EXAMPLE VII

A standard corrosive test water solution containing 30 milligrams per liter (mg/l) calcium chloride, 37 mg/l magnesium sulfate, 100 mg/l sodium sulfate, 50 mg/l sodium chloride, and 100 mg/l sodium carbonate was prepared by adding the recited salts to distilled water. The test solution was thus free of such materials as chromate, zinc, phosphate, polyphosphate, nitrite, nitrate and borate. 850 milliliters of the standard corrosive test water was added to an aerated solution bottle which was situated in a bath thermostatically held at 55 C. The temperature of the standard corrosive test water solution was allowed to equilibrate and the pH was adjusted to about 8.5 using either aqueous sodium hydroxide or sulfuric acid as appropriate. Two mild steel coupons (4.5 inches by 0.5 inches) which had been cleaned (by immersing them in 15% hydrochloric acid for 15 minutes and then rinsing them sequentially in saturated sodium bicarbonate solution, distilled water and isopropanol), dried, stored in a dessicator, and weighed were then immersed in the standard corrosive test water, and air was passed through the solution at about 250 milliliters per minute. After 48 hours, the coupons were removed, cleaned with steel wool, rinsed, dried and reweighed. The rate of corrosion was calculated from the weight loss of the coupons to be 68.9 mils per year. A second run was made using the same procedure except that 150 parts per million (ppm) of 2,5-diphosphonotetrahydrofuran, prepared generally in accordance with the procedure illustrated above in Examples I through VI, was added to the standard corrosive test water solution. The corrosion rate of the coupons in the second run was found to be reduced by about 54% when compared to the rate observed with the standard corrosive test water solution alone.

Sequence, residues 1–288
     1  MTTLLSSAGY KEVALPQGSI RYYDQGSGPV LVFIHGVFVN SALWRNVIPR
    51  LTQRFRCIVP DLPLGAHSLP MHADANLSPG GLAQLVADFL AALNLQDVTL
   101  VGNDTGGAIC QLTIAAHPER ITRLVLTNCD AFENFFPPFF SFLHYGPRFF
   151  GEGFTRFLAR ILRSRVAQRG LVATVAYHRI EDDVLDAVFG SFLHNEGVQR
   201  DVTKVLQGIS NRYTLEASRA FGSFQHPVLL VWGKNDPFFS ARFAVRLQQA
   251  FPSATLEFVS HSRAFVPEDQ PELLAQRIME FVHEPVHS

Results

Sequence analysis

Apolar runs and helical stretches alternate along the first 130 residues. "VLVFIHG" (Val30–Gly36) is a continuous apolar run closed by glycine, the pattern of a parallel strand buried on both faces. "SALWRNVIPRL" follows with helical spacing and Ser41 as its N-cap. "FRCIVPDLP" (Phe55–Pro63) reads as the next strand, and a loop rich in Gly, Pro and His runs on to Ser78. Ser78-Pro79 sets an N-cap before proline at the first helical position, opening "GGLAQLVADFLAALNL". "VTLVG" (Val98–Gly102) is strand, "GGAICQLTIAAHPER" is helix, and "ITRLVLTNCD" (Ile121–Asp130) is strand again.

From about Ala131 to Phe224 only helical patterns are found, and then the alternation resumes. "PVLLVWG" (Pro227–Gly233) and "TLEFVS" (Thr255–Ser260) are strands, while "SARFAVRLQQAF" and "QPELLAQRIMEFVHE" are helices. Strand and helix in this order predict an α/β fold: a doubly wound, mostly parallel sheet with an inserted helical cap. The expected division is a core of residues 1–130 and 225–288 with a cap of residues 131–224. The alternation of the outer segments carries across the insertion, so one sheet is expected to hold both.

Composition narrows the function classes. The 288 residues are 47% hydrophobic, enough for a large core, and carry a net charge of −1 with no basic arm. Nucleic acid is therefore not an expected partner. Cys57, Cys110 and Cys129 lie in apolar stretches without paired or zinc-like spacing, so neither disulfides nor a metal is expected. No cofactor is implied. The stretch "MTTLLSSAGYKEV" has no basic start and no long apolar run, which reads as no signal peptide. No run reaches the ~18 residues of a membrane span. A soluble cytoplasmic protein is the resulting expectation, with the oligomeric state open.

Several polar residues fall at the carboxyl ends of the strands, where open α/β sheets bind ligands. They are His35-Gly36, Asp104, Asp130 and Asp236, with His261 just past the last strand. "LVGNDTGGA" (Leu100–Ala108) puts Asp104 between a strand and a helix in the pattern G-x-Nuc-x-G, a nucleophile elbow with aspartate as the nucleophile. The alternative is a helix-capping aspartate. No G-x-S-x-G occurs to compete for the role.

EXAMPLE VIII

A second standard corrosive test water solution containing 12.8 mg/l calcium chloride, 110.7 mg/l calcium sulfate dihydrate, 54.6 mg/l magnesium sulfate, and 175.7 mg/l sodium bicarbonate was prepared by adding the recited salts to distilled water. The second test solution was thus free of such materials as chromite, zinc, phosphate, polyphosphate, nitrite, nitrate and borate. 850 milliliters of the second standard corrosive test water was added to an aerated solution bottle which was situated in a bath thermostatically held at 55 C. The temperature of the second standard corrosive test water solution was allowed to equilibrate and the pH was adjusted to about 8.5 using NaOH or H2 SO4 as appropriate. Two mild steel coupons which had been cleaned dried and stored as in Example VII were weighed and immersed in the second standard corrosive test water and air was passed through the solution at about 250 milliliters per minute. After 48 hours, the coupons were removed, cleaned with steel wool, rinsed, dried and reweighed. The rate of corrosion was calculated from the weight loss of the coupons to be 57.7 mils per year. Three other runs were made using the same procedure except that 50 ppm, 75 ppm and 100 ppm of 2,5-diphosphonotetrahydrofuran, prepared generally in accordance with the procedure illustrated above, were respectively added to the second standard corrosive test water solution. The corrosion rate using 50 ppm of the diphosphonotetrahydrofuran was found to be reduced by about 54%, the corrosion rate using 75 ppm of the diphosphonotetrahydrofuran was found to be reduced by about 81%, and the corrosion rate using 100 ppm of the diphosphonotetrahydrofuran was found to be reduced by about 90%, all compared to the rate observed with the second corrosive test water solution alone.